Posted by melissa on 2003-03-31 15:22:32
My Score:
I think little 5 is an awesome place to find some hippies, but it's not just a hippie haven, it's a counter-culture center. There are a lot of different groups and the last time I visited I found it to be dominated by goths

Posted by Randy on 2003-02-20 02:43:04
My Score:
Little 5 Points is nice. Definitely a hip, diverse crowd. If you make your way to Little 5, make sure to stop in Little 5 Points Pizza. It's the best damn pizza on earth and it's a $1.40 for a 1-topping slice, which is big enough to fill me up. When you're broke as hell, L5P is heaven. There's also a lot of really good dining places here and there. Variety Playhouse is host to a lot of shows... recently they had Leftover Salmon, David Allan Coe, Keller Williams... it's a decent little spot. I go to Little 5 Points almost every weekend. I do outreach for some of the homeless out there, passing out condoms and drug information, refer people to the needle exchange, that sort of stuff. Most of the homeless in that area are drifters, but some of them stay year round, and all of them are really friendly.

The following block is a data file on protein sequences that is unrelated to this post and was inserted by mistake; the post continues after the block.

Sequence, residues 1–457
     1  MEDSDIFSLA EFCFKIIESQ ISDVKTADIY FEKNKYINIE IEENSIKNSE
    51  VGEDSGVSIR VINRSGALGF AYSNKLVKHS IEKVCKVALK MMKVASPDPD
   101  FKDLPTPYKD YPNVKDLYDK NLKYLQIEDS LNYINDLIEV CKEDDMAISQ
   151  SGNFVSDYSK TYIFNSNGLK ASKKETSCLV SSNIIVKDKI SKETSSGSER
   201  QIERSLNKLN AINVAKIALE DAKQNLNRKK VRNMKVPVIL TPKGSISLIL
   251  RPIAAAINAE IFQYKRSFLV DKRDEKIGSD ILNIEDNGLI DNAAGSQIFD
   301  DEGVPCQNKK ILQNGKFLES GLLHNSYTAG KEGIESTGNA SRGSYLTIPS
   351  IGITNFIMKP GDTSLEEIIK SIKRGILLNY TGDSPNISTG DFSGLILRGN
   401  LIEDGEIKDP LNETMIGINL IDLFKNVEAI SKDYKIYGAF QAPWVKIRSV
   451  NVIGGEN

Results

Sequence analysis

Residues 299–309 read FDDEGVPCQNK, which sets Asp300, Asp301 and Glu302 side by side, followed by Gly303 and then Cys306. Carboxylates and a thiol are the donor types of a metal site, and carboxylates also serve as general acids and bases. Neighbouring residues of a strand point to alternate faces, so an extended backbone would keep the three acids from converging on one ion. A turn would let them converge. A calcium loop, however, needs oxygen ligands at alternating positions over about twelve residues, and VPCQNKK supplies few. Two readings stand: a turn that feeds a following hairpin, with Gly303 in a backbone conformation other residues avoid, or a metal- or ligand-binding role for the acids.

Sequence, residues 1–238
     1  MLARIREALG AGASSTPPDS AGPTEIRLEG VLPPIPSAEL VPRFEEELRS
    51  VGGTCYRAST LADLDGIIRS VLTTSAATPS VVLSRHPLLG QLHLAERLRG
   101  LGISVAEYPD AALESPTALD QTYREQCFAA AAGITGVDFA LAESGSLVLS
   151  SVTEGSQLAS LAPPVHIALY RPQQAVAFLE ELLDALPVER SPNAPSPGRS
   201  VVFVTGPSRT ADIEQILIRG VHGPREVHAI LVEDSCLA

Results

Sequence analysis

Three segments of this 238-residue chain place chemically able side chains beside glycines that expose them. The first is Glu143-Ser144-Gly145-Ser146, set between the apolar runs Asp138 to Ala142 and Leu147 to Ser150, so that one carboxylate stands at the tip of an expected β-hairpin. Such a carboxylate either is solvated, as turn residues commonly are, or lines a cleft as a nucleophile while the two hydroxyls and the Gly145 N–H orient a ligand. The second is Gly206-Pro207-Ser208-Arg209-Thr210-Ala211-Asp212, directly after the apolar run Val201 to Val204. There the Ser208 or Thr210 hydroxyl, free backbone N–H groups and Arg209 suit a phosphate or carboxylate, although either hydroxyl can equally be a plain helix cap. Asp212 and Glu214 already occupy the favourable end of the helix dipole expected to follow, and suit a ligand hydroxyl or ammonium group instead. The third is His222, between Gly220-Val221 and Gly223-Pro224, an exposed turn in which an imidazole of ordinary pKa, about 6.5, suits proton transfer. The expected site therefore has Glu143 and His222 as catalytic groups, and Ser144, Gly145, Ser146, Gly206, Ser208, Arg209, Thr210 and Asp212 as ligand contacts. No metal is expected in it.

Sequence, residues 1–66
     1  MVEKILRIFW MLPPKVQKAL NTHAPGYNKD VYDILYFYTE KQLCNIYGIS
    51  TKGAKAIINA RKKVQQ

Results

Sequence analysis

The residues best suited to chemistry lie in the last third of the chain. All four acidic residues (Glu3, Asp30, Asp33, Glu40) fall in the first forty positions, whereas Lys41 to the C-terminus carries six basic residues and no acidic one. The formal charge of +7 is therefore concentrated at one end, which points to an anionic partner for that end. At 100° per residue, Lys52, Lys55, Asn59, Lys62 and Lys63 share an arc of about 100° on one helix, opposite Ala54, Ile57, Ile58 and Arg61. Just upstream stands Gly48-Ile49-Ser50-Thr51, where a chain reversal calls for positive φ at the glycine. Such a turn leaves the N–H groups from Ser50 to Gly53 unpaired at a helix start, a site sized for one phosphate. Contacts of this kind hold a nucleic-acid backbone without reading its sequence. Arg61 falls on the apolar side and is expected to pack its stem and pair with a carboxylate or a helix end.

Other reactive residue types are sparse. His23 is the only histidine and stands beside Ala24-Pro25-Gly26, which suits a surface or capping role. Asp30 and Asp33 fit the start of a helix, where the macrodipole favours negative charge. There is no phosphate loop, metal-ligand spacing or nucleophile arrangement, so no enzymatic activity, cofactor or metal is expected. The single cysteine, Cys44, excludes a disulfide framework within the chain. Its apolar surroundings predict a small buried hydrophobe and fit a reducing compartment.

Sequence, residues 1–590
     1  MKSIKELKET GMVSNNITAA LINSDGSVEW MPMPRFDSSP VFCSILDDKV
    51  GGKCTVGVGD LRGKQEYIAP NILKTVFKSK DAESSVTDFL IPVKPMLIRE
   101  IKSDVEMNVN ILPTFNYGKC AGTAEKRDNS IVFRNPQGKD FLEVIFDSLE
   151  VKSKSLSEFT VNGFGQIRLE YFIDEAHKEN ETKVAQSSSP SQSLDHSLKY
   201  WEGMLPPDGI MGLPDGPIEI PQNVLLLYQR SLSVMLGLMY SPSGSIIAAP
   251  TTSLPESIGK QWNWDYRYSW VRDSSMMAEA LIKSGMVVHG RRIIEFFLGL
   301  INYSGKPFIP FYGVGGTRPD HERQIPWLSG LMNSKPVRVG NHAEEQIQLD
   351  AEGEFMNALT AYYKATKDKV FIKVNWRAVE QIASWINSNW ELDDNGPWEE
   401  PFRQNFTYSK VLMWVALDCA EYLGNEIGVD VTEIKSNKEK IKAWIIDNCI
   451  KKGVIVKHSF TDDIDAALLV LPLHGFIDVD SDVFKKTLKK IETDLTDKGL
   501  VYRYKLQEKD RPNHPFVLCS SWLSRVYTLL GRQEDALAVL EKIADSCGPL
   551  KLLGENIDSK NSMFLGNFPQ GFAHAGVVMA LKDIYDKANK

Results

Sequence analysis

Posted by thekid on 2003-01-18 12:23:53
My Score:
i live about 45 minutes south of atlanta......we are just a few like-minded souls who found one another despite the mess society has caused down here. we have good friends and good times and we love to share. dreadsistah@yahoo.com

Posted by noah on 2002-08-20 05:11:44
My Score:
I have lived in Atlanta my whole life. Little five Points neighborhood definitely has many progressive, cool people. Many health minded people and hippies. If you have time, you must visit the Lake Claire Land Trust at the end of Arizona Ave. This is the real hippie/alternative center of Atlanta. You will meet many excellent people here and you can relax in the organic gardens.